The rise and fall of Ansar al-Islam
Former members of Ansar al-Islam talk to the Monitor about the militant group's ties to Al Qaeda, the foreign fighters that joined its ranks, and its eventual destruction.
SARGAT AND SULAYMANIYAH, NORTHERN IRAQ
As the American air attack pulverized the mountain base of Ansar al-Islam last March, Mohamed Gharib let his video camera roll - just as he had done during countless operations of the northern Iraq-based militant group.
"I filmed the missiles falling," says Mr. Gharib, a Kurdish militant and the Ansar media chief. Gharib's footage had for years recorded the violent history of the Al Qaeda-linked fighters, and served as a fundraising tool. "You wouldn't believe if I told you we were happy [to be attacked]. They gave us the sense that we were so true, so right, that even America had to come fight us."
Washington fingered Ansar as a terrorist group experimenting with poisons, and used its tenuous links to Saddam Hussein and Al Qaeda to help justify the war against Iraq.
US officials were triumphant last spring, even as the broader Iraq invasion was still underway, after a three-day assault. Gen. Tommy Franks declared that a "massive terrorist facility in northern Iraq" had been "attacked and destroyed" by a joint US-Kurdish operation.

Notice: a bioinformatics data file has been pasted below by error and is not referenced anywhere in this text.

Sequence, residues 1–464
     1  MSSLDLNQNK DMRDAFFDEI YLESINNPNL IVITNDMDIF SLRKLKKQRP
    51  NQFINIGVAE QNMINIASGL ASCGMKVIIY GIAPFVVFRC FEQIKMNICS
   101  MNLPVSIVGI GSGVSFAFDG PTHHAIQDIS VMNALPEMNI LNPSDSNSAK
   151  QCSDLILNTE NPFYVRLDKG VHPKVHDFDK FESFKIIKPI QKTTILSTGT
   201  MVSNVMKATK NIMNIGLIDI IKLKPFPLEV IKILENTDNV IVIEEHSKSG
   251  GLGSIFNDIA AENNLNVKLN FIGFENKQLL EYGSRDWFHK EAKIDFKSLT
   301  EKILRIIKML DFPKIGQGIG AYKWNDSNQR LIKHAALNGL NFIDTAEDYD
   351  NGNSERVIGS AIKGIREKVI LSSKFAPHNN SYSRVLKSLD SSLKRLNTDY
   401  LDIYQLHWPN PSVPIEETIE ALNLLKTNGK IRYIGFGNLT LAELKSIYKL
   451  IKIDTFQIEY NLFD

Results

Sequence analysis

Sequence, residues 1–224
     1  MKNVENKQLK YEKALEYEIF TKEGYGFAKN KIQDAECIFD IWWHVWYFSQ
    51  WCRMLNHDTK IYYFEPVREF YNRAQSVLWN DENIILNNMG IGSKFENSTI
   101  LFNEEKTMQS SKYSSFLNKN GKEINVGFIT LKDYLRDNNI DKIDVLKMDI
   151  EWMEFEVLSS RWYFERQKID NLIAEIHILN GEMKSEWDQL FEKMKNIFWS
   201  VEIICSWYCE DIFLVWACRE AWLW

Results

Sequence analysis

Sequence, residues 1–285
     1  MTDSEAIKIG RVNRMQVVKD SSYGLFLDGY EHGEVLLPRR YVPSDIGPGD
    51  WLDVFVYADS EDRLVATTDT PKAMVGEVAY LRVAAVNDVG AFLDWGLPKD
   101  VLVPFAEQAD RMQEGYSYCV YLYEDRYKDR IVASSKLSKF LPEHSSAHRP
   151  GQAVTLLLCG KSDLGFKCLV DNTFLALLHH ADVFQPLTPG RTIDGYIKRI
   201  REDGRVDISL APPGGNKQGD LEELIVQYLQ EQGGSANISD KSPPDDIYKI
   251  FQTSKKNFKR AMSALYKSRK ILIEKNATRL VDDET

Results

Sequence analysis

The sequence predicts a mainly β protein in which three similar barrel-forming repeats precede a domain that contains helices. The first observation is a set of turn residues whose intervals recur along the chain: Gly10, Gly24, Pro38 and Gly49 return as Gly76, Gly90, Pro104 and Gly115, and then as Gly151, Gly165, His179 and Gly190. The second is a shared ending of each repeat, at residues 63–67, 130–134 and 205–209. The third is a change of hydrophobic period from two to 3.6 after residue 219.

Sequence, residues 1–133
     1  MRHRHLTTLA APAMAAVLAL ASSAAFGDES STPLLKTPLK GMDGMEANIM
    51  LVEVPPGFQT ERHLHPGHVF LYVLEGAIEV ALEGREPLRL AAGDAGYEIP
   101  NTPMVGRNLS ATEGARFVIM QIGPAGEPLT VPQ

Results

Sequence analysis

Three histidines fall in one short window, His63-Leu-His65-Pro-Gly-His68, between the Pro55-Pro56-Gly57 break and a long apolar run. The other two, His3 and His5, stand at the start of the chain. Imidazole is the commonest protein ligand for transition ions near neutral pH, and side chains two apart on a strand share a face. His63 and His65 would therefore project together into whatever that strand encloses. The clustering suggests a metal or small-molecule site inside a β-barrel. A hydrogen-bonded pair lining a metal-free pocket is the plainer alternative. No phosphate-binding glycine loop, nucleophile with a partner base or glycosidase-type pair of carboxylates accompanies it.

But today US officials assert that Ansar not only survived - like Gharib, who barely escaped after a four-hour bout with a US sniper - but that it is regrouping. They say Ansar is reinfiltrating Iraq with Kurdish and Arab militants from Iran, and, along with Saddam loyalists, is behind an increasing number of anti-US attacks across Iraq.
Lengthy interviews with several Ansar members now in custody, and with officials and intelligence sources of the Patriotic Union of Kurdistan (PUK) in northern Iraq, however, yield a more ambiguous picture.
These sources describe a group now so decimated and demoralized that even true believers admit it is unlikely to be reborn according to its old template.
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